From Timothy Pickering
City of Washington Oct. 18. 1803.
I hoped to have seen you on my way hither; but the distance at which you were from the place of crossing the Hudson, & my engagements with my travelling companions, prevented.1
I duly received your letter of Septr. 16th. relative to the proposition you made in the General Convention. It was obvious, that those, with the propositions of others, were presented for consideration and discussion, to be adopted or rejected, as a sense of the public safety should require; and by no means as the definitive opinions of the movers.
Dining in company with General Pinckney, as he passed thro’ Salem, in September,2 I was asked, by one of the guests, some question concerning the nature of the propositions you made in the General Convention. I referred the enquirer to the General, who was a member. He answered, that you proposed, That the Governors of the several states should be appointed by the President of the U States.3 But that Mr. Madison4 moved, and was seconded by his cousin Charles Pinckney,5 That all the laws of the individual states should be subject to the negative of the Chief Executive of the U. States.6 The General added, that he did not know which would be deemed the strangest measure.
You will see in the news-papers the Presidents’ message:7 but perhaps you may wish to have it in a more convenient form; & I enclose it. If you desire to possess similar documents which shall be published in the course of the session, have the goodness to let me know it. And as any correspondence between us will be liable to suspicions, be pleased to inform me how I shall make my communications to you.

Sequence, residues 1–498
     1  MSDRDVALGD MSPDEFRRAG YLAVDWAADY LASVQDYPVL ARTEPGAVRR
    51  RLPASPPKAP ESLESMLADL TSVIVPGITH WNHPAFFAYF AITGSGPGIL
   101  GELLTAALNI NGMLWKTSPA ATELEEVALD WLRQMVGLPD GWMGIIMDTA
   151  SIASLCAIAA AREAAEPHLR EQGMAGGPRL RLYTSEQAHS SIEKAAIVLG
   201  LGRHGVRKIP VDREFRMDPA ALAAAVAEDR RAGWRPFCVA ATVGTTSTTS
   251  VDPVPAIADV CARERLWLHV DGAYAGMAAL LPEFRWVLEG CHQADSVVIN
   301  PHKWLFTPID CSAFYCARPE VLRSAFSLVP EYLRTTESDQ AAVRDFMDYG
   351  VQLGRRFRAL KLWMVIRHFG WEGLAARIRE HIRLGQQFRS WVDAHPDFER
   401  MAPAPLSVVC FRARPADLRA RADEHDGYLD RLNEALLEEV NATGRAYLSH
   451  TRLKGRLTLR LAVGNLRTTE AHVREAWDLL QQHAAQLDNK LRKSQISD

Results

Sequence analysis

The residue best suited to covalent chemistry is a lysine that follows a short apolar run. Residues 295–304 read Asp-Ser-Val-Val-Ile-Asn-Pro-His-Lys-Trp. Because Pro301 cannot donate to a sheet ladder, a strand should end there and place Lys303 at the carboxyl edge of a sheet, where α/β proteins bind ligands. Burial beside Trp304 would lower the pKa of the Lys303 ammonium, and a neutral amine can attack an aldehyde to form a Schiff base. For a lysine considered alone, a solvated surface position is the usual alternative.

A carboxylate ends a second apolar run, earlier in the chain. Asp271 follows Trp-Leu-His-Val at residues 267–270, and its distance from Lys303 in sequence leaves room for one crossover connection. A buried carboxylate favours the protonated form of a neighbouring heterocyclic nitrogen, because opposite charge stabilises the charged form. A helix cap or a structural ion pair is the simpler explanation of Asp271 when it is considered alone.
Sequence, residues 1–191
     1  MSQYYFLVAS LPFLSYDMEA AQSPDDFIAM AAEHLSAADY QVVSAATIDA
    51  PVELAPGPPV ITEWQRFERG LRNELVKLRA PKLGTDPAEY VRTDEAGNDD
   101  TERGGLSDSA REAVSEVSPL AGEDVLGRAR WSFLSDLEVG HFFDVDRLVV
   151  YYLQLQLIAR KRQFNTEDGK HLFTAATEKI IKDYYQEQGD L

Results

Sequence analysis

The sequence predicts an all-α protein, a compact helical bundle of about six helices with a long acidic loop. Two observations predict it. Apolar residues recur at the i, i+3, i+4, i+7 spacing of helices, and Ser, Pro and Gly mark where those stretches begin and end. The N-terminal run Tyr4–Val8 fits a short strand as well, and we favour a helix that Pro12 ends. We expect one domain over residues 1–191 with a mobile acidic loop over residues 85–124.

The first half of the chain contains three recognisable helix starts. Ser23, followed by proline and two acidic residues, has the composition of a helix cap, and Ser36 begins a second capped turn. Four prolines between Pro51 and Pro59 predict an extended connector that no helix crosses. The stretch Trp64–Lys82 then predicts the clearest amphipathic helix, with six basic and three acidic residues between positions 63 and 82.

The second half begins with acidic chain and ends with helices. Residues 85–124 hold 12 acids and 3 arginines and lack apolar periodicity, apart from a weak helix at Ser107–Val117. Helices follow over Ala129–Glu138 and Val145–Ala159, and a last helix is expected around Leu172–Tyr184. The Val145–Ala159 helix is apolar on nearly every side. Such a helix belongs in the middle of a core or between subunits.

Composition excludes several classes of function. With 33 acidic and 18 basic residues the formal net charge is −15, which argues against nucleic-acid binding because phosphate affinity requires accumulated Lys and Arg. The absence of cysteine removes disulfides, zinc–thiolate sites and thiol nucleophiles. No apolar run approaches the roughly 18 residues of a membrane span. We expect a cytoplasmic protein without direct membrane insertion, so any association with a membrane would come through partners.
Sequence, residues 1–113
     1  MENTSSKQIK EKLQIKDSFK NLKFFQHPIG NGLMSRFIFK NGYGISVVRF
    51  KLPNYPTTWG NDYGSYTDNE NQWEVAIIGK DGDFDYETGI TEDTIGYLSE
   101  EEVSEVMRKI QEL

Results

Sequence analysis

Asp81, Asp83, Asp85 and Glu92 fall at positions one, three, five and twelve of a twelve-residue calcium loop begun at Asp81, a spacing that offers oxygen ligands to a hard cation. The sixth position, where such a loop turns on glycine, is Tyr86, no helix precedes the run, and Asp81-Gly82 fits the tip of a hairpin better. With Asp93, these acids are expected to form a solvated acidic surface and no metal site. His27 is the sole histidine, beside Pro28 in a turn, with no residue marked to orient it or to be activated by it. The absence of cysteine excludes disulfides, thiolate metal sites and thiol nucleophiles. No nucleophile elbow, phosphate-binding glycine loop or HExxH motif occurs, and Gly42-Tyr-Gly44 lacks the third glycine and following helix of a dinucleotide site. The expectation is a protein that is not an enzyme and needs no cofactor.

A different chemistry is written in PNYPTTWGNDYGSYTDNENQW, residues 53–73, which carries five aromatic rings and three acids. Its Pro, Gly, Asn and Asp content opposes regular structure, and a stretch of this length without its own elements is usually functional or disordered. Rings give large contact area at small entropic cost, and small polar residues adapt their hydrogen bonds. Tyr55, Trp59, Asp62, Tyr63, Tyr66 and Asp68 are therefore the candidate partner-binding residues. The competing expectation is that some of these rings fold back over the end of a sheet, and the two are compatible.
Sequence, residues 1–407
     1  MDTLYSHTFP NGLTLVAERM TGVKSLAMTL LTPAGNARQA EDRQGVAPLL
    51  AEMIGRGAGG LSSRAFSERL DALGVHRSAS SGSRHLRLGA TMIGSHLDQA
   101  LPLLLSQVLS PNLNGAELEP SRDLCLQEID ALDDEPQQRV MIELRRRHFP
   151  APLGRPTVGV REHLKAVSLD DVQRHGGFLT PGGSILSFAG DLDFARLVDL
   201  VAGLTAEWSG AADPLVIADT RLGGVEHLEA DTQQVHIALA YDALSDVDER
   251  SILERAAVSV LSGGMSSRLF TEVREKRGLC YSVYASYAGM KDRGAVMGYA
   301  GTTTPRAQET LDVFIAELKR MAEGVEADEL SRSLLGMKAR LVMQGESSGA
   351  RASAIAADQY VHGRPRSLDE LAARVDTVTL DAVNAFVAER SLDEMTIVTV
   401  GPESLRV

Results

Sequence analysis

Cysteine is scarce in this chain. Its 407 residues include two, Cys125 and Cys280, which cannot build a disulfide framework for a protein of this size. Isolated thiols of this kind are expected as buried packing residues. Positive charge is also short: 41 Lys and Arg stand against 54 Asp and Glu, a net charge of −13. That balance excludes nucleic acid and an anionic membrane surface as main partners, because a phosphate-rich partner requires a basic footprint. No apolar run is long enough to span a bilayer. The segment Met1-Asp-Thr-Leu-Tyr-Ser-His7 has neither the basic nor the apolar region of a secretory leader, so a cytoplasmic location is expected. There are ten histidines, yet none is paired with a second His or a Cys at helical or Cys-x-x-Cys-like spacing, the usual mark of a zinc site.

I am very truly & respectfully yours
ALS, Hamilton Papers, Library of Congress.
1. Pickering traveled from his home in Essex County, Massachusetts, to Washington to attend the Senate, which convened on October 17, 1803 (Annals of Congress description begins The Debates and Proceedings in the Congress of the United States; with an Appendix, Containing Important State Papers and Public Documents, and all the Laws of a Public Nature (Washington, 1834–1852). description ends , XIII, 9).
4. James Madison.
5. Charles Pinckney, a delegate to the Constitutional Convention from South Carolina, was a second cousin of Charles Cotesworth Pinckney, who was also a delegate from South Carolina.
6. No such vote has been found in Max Farrand, ed., The Records of the Federal Convention of 1787 (rev. ed., New Haven, 1966).
7. Thomas Jefferson sent his third annual message to Congress on October 17, 1803 (Annals of Congress description begins The Debates and Proceedings in the Congress of the United States; with an Appendix, Containing Important State Papers and Public Documents, and all the Laws of a Public Nature (Washington, 1834–1852). description ends , XIII, 11–15). The message was printed in the NewYork Evening Post, October 20, 1803.